So, for the first time, I looked to see if I could find it on BitTorrent, and there it was!!! Still umming and ahhing over whether to download it and dive into "fretardery", or not, but I have to admit its bloody tempting, and, in some ways, justified. The publisher is trying to rip me off, so is there anything morally wrong in repaying the compliment??
Now, I can well imagine how someone pissed off by stupid prices, etc, for a single title (book, music, or movie) could download *that* title, think "that was easy" and a "Freetard" is born.
What does kicking a ball around a field have to do with the "creative industry"?
Otherwise, what he said. ^^^^^
I've had the same
_Bought_ Cats for the missus last year, only to find that the download was DRM'd and wouldn't play on my systems (all Linux or similar). Wasn't advertised at all on the page that it was DRM'd so you can image how impressed I was.
So I popped onto Bittorrent and obtained a working copy, which incidentally downloaded at a higher bitrate than the one I just paid for.
Being the cheeky bugger I am, I even fired an email off to the label telling them what I'd done, why I'd done it and that I wouldn't be bothering with the purchase bit until they either started admitting to the DRM or stopped insisting on it being there.
Never got a reply, but also didn't get a knock on the door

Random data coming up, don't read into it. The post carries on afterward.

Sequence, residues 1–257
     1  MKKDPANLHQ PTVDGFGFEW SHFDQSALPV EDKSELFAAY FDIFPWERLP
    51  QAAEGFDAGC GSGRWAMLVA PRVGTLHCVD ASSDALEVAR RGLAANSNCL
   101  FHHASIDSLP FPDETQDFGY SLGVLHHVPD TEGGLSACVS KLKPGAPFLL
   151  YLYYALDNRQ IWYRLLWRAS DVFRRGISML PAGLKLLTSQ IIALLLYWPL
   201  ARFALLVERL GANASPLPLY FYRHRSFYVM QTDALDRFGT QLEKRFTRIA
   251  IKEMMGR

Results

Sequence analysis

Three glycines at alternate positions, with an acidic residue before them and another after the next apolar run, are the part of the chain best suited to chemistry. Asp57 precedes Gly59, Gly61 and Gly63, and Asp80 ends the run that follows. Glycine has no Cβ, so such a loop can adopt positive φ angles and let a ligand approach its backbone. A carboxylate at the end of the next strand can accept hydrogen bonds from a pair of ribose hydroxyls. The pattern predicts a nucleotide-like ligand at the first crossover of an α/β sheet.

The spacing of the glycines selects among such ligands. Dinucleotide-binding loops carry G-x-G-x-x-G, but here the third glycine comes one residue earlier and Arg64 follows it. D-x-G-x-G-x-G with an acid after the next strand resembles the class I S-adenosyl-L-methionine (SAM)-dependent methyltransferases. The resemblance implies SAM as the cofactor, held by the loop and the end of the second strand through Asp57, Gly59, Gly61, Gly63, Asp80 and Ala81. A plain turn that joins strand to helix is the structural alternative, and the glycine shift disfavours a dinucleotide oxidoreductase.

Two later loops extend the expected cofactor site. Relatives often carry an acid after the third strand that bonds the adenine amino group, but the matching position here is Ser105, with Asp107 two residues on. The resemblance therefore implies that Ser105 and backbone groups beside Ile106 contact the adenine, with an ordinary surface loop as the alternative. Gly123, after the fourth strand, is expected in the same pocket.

Is it just me.....
Or does that reply make no sense whatsoever?
Download the torrent...
and email the author explaining the situation and that you would like to pay them directly rather than overpaying for something that costs less to copy and distribute than a hardback does to print.
I would use an throw away email account just in case the publisher owns the copyright rather than the author... let us know how you get on, I mean, M Banks might be a reasonable chap...
So what's the excuse going to be
When, following the DEA implementation, profits don't soar.
Maybe the shareholders are just thick but they should have been shouting for real digital solutions from their investments years ago. Perhaps being backed into a corner is what they need.
Nice that they're doing the 'backing' as well as the 'into' parts of that, though.